â€œFair to poorâ€? â€” thatâ€™s how the federal Environmental Protection Agency described the condition of estuaries along the Central Coast in a report the agency released this week.
Over two years â€” 1999 and 2000 â€” the EPA tested water at six different places in San Luis Obispo and Santa Barbara counties where rivers and streams enter the ocean: two spots in Morro Bay, three in San Luis Bay, and one at the Santa Ynez River estuary.
The Santa Ynez River estuary received the lowest marks of the three locations and was rated â€œpoorâ€? because of high nitrogen, phosphorus, and chlorophyll counts. However, the estuary did get good marks for having few toxins and contaminants in its sediment. It also got high marks for the diversity of organisms that live in those lower layers.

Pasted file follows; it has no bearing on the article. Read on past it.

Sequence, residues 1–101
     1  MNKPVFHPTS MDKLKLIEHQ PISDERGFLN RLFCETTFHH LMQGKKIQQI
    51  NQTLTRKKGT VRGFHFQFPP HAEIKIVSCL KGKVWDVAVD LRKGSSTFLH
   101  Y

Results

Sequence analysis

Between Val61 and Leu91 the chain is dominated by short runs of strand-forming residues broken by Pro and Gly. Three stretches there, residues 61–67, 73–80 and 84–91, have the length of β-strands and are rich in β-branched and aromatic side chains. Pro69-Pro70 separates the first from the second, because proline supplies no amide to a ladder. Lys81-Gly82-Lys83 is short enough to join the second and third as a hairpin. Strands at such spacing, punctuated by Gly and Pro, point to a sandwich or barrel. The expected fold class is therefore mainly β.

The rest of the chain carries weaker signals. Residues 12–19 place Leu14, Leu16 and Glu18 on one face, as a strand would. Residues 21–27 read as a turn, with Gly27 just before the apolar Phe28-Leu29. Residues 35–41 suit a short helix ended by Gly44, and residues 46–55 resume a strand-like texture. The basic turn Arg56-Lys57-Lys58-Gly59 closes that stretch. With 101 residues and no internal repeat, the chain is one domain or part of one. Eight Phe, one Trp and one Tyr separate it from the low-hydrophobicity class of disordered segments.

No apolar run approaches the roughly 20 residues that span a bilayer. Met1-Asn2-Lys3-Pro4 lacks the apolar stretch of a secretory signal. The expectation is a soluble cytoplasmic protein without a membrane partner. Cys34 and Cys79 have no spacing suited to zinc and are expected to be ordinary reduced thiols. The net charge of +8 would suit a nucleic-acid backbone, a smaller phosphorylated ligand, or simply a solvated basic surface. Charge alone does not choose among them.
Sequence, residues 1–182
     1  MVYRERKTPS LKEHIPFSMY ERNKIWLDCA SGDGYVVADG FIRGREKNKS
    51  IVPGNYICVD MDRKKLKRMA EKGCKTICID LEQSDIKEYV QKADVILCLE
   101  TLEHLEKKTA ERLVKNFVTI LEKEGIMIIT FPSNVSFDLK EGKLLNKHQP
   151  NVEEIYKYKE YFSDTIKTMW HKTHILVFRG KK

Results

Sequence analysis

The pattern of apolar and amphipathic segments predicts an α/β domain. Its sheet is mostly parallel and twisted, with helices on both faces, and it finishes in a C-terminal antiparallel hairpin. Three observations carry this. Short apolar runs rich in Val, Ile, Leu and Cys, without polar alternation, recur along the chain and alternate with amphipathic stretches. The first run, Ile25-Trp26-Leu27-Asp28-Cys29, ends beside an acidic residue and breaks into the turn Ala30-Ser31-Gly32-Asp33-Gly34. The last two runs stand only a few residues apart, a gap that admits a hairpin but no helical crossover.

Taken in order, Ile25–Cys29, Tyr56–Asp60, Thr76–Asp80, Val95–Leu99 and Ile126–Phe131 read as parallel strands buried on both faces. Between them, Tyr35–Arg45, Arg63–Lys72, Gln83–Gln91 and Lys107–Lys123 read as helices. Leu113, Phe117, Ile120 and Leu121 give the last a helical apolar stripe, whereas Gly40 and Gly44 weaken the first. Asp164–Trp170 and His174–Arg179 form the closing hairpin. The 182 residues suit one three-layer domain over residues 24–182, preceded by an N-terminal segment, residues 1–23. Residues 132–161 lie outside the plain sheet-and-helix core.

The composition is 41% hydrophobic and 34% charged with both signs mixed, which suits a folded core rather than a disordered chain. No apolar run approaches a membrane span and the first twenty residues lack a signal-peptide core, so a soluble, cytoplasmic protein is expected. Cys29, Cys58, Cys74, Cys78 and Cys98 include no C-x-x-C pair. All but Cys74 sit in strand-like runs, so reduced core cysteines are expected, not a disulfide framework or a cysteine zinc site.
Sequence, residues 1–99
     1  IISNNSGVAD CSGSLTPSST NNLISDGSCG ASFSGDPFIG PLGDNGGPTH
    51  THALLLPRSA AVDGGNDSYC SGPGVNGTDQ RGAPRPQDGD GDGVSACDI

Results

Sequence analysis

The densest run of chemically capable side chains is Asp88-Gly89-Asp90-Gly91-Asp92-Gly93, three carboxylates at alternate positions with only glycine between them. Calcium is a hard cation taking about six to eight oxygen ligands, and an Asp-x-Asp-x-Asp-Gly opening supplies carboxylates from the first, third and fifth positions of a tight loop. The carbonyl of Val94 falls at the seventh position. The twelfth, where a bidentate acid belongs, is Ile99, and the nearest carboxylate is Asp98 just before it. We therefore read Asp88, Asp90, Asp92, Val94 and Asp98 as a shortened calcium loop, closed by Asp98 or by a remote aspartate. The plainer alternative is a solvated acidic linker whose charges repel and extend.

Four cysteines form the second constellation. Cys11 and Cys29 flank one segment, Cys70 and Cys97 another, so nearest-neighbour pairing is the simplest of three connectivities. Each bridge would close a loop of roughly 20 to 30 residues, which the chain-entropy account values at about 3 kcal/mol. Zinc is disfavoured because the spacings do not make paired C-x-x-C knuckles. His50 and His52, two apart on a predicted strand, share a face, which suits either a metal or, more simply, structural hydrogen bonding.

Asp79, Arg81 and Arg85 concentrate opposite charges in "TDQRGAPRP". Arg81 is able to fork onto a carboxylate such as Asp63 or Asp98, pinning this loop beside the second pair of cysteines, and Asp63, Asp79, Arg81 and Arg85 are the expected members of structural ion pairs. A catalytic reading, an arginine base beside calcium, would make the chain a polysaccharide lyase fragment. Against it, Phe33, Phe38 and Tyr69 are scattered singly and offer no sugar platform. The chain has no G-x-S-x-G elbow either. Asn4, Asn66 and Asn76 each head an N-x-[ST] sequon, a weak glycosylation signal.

Thatâ€™s the one criterion that Morro Bay got low marks for. And since it only got average marks when it came to phosphorus, and chlorophyll counts, the EPA rated the bay as â€œfair.â€? That puts Morro Bay in good company: 69 percent of the estuaries tested along the western United States coastline got the same rating.
San Luis Bay was in the 28 percent minority that received a â€œgoodâ€? score.
The purpose of the report was not to point blaming fingers at any specific water body, said Terry Fleming, an environmental scientist with the EPA. Instead, the goal was to look at the health of estuaries along the entire western United States coastline.
That outlook isnâ€™t rosy: The study found that almost 60 percent of the West Coastâ€™s estuaries were threatened, and almost 30 percent were in such poor health that their use by humans and aquatic life was impaired.
Still, Fleming said he wouldnâ€™t assume anything about the water around an estuary based on this report alone.
â€œ[There are] only three data points in San Luis Bay so you canâ€™t assume anything about the bay as a whole,â€? he said.